Contextualizing Racial Disparities
in Welfare Reform
Welfare in the United States was dramatically reformed in 1996 in ways that I would argue are highly racialized but that Europe has yet to fully emulate.1 Yet, American welfare reform’s racial subtext remains understudied by mainstream policy analysis. And that is the focus of this chapter: given the way it is most normally conducted these days, conventional public policy research is incapable of addressing the major political questions, such as what is the racial character of welfare reform. Only when we place welfare reform in historical and cultural context so as to highlight in particular the role of discourse can we begin to see just how racialized welfare reform really is.
Welfare reform was indeed dramatic. The Personal Responsibility and Work Opportunity Reconciliation Act of 1996 abolished the longstanding Aid to Families with Dependent Children (AFDC) program originally enacted as part of the Social Security Act of 1935 and replaced it with the Temporary Assistance for Needy Families (TANF) block grant. Many procedural safeguards to accessing assistance were repealed. The TANF program has emphasized time limits and work requirements and allowed states to set stricter options than specified in the federal law. It has given states greater latitude to use sanctions to reduce benefits and terminate families from assistance. It has given birth to a “work first” welfare reform regime that puts in place a series of “get-tough” policies designed to reduce the problem of “welfare dependency.”2 Welfare has been reformed to have as its main purpose the promotion of self-sufficiency by enforcing work and family values among the poor.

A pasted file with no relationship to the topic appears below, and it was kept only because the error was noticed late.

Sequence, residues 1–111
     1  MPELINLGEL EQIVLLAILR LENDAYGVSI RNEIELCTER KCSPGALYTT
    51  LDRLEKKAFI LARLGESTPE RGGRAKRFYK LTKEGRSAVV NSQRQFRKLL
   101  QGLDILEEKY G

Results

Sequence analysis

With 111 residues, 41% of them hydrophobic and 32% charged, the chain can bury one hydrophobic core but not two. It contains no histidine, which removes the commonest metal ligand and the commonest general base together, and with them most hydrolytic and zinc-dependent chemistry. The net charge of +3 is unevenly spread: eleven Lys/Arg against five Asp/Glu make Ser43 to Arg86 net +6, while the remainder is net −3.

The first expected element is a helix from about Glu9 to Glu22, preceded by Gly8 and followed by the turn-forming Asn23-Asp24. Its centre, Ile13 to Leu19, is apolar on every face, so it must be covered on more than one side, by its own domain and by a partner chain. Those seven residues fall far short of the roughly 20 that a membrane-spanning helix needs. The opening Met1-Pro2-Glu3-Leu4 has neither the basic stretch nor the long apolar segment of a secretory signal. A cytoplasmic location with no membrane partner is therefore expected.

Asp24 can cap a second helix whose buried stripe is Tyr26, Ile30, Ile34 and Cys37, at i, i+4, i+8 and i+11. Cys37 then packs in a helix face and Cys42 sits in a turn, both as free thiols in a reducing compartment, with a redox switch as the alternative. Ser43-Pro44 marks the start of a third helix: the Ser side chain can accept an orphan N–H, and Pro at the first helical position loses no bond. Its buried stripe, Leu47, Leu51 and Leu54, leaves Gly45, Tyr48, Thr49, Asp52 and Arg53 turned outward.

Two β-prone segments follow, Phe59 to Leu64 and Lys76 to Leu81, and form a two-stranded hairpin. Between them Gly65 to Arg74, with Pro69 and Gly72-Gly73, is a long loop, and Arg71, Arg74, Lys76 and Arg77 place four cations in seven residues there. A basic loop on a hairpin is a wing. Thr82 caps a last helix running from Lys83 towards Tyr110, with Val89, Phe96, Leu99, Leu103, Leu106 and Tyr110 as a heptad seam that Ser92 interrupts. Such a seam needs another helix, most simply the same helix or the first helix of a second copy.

1. On the critical role of race in distinctively shaping the welfare state in the United States compared with Europe, see Alberto Alesina and Edward L. Glaeser, Fighting Poverty in the US and Europe: A World of Difference (Oxford, UK: Oxford University Press, 2004).
2. Thomas Gais and R. Kent Weaver, State Policy Choices Under Welfare Reform, Welfare Reform & Beyond: Brief No. #21 (Washington, DC: Brookings Institution, April 2002).